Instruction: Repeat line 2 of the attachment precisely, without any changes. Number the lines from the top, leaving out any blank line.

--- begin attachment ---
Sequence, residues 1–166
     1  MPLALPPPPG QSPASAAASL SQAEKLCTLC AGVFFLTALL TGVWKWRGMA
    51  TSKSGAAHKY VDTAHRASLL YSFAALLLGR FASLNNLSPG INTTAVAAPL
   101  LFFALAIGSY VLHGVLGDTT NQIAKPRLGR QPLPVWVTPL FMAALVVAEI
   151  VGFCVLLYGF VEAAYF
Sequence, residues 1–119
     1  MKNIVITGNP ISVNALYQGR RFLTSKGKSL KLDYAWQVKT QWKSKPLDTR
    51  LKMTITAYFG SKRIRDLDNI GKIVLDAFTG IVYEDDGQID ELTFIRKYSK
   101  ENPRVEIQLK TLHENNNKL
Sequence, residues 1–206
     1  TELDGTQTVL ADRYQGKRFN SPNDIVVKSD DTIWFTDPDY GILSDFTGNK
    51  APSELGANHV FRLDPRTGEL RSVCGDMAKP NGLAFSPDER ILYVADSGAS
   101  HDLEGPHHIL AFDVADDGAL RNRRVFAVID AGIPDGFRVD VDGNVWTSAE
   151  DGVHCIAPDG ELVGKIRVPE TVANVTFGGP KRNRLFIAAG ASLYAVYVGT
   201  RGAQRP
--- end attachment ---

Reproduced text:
     1  MPLALPPPPG QSPASAAASL SQAEKLCTLC AGVFFLTALL TGVWKWRGMA